Price Fixing

A Juggernaut Fight

  • Why it matters

    Why it matters

    Truck makers including Daimler, MAN and others are potentially facing long and costly law-suits from freight forwarders in the wake of the European Commission’s record billion-euro fine for price fixing.

  • Facts

    Facts

    • The E.U. Commission in July fined European truck makers nearly €3 billion for price fixing and delaying the introduction of new technologies against emissions.
    • Freight transporters are getting ready to sue for damages.
    • A law firm representing some of the forwarders sees total damages of €7.2 billion.
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    Audio

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Freight transporters are preparing to sue truck manufacturers for several billions over price fixing. Source: Patrick Seeger / Dpa.

Freight forwarding is a tough enough industry as it is: The cost of fuel, drivers and tolls, not to mention cut-throat competition, allow trucking companies to just barely turn a profit at best.

So when the E.U. Commission condemned truck manufacturers for price fixing in July, it gave freight carriers something to feel angry about. The record €2.9 billion ($3.2 billion) fine sent a clear message: Truck manufacturers cheated their clients using inflated prices.

Freight transporters are now readying a counter-attack and want to see their financial losses covered. Lawsuits against truck makers have already been filed in Ireland and Turkey, and now the industry also wants to see some action in Germany.

The first compensatory lawsuits could be filed by the middle of next year, Christopher Rother of the Berlin-based Hausfeld law firm told Handelsblatt.

Hausfeld has been mandated by around 1,000 companies to date with a total of 75,000 affected trucks, Mr. Rother said. That number is now set to rise. A dedicated website has been set up to collect smaller shippers’ claims. By the end of the year there will likely be several thousand plaintiffs, Mr. Rother said.

“The cartel lasted for 14 years, and involved high-priced goods. Whoever causes large damages has to expect high compensation claims.”

Thomas Funke, Antitrust lawyer, Osborne Clarke

Hausfeld cooperates with the Hamburg-based IT service provider Financialright, which is already bundling claims of Volkswagen customers affected by the ‘dieselgate’ emissions cheating scandal.

The plaintiffs’ lawyers already smell blood. In the 14 years that the cartel existed , approximately ten million trucks were sold throughout Europe, according to the European Commission. The number of companies affected is lower, however, because forwarders each operate a number of trucks, large players over 1,000.

Hausfeld attorney Mr. Rother estimates the price fixing resulted in a whopping €100 billion ($109.5 billion) total loss for trucking companies – about €10, 000 per truck. There’s a slim chance cartel members will be made to pay anything close to this in damages, according to the lawyer’s experience. But it still could be painful.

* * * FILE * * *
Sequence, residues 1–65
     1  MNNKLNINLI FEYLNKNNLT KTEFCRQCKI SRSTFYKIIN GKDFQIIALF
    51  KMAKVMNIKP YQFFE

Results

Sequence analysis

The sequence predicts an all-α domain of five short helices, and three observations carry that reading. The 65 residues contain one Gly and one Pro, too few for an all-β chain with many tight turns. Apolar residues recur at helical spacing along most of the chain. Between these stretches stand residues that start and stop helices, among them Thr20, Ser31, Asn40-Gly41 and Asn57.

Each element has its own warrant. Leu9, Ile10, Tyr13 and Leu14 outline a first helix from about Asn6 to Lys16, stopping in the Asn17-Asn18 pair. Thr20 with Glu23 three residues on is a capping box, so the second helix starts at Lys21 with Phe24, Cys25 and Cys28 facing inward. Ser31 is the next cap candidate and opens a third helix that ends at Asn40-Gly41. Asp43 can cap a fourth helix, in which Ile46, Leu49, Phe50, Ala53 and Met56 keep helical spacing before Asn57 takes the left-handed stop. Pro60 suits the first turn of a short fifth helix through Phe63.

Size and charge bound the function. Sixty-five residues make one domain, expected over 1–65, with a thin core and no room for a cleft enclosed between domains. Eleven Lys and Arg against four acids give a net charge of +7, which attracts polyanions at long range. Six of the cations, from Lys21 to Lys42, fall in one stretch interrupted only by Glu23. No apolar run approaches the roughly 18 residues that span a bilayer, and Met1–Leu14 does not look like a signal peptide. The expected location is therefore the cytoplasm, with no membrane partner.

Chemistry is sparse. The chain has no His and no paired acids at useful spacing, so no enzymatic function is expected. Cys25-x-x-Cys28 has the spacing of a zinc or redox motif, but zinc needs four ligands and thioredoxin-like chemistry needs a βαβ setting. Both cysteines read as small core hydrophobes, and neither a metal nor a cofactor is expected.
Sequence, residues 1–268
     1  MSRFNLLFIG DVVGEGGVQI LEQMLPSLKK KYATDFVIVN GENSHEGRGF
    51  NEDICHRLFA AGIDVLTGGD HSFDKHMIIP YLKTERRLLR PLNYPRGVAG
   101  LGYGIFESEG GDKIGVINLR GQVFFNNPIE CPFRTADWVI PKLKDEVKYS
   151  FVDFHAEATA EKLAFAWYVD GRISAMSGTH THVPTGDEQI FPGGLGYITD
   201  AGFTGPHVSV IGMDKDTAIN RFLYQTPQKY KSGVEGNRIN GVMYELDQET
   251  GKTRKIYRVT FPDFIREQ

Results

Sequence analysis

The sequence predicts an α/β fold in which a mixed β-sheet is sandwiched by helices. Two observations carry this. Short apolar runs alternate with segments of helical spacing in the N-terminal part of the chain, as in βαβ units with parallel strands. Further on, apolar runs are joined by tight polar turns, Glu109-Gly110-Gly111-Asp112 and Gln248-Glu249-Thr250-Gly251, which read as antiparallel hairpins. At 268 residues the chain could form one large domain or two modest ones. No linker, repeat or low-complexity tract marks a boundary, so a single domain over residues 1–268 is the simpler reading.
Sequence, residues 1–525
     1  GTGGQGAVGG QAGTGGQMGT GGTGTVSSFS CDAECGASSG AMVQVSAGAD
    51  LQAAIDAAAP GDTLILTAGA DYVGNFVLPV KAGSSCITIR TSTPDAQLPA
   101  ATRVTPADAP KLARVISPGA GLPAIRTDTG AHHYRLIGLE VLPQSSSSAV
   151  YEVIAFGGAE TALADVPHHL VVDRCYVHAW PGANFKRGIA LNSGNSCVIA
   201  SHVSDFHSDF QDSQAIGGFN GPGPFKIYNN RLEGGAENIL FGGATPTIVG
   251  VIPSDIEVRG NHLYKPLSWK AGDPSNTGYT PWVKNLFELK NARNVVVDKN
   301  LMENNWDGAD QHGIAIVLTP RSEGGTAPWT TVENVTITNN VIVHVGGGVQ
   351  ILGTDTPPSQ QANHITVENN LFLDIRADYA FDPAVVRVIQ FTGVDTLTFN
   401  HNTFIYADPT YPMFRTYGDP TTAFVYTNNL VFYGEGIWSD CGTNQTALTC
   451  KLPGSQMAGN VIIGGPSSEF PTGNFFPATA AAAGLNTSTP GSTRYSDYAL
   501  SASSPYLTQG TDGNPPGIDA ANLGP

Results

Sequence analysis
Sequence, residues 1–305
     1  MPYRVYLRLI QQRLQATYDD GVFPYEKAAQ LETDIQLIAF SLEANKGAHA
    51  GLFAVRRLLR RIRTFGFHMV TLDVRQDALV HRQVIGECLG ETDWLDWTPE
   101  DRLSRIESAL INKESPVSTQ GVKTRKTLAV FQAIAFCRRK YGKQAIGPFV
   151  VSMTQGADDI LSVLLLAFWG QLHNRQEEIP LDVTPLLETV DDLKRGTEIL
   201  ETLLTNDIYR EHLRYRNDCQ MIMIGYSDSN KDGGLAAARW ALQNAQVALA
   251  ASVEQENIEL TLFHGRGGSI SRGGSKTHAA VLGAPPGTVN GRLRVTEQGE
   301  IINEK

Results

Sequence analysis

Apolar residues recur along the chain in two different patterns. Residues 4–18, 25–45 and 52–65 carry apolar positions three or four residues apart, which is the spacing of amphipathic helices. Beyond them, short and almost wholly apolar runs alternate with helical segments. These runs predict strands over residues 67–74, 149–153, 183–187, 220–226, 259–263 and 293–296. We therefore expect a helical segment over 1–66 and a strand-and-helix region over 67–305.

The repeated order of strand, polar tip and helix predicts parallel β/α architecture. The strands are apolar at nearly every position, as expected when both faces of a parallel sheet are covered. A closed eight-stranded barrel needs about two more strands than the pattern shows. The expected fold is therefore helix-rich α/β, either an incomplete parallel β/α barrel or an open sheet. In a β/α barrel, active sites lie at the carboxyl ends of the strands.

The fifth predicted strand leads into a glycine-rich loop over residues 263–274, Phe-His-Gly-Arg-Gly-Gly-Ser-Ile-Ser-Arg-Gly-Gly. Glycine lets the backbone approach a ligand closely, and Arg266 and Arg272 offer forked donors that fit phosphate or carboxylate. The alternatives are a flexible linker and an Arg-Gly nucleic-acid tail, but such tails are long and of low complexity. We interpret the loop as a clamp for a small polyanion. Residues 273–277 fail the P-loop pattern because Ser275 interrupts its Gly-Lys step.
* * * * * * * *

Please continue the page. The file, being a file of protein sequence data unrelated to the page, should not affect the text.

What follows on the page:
Besides Daimler and Volvo, Iveco, MAN and DAF were also involved in the affair, according to the E.U. Commission. Cartel proceedings against Scania are still underway. The Swedish subsidiary of VW rejects the accusations.

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The companies declined to comment on the current proceedings. A spokesman for MAN merely said there is no evidence of customers suffering any financial damage. MAN’s reticence is likely due to the fact that the company itself reported the cartel to the authorities.

“The core price-fixing allegations relate to the coordination of gross list prices,” wrote MAN general counsel Martin Gstaltmeyr to a customer in a letter. “But in practice, these played no role in specific purchase negotiations. We can’t assume any damages in your case,” continued the letter, which Handelsblatt has seen. According to industry circles, Daimler, the world’s leading truck manufacturer, wants to at least examine to what extent customers’ claims may exist.

It is difficult to predict how high damages might ultimately be. “The cartel lasted for 14 years, and involved high-priced goods. Whoever causes large damages has to expect high compensation claims,” said antitrust lawyer Thomas Funke of the Cologne-based Osborne Clarke law firm.

János Morlin of the Rössner firm in Munich, which currently represents about 70 potential claimants, puts the damage per truck at roughly 15 percent of its purchase price. On this basis, the customers’ financial damage would be as high as €7.2 billion ($7.9 billion). “But we will consult economic opinions before filing any claims,” Mr. Morlin said.

The writing is on the wall for the truck manufacturers involved in the cartel: They should brace themselves for a slew of lengthy, expensive trials.

 

Martin Murphy specializes in the automotive, defense and steel industries. Volker Votsmeier is an editor with Handelsblatt’s investigative reporting team. To contact the authors: murphy@handelsblatt.com, votsmeier@handelsblatt.com.

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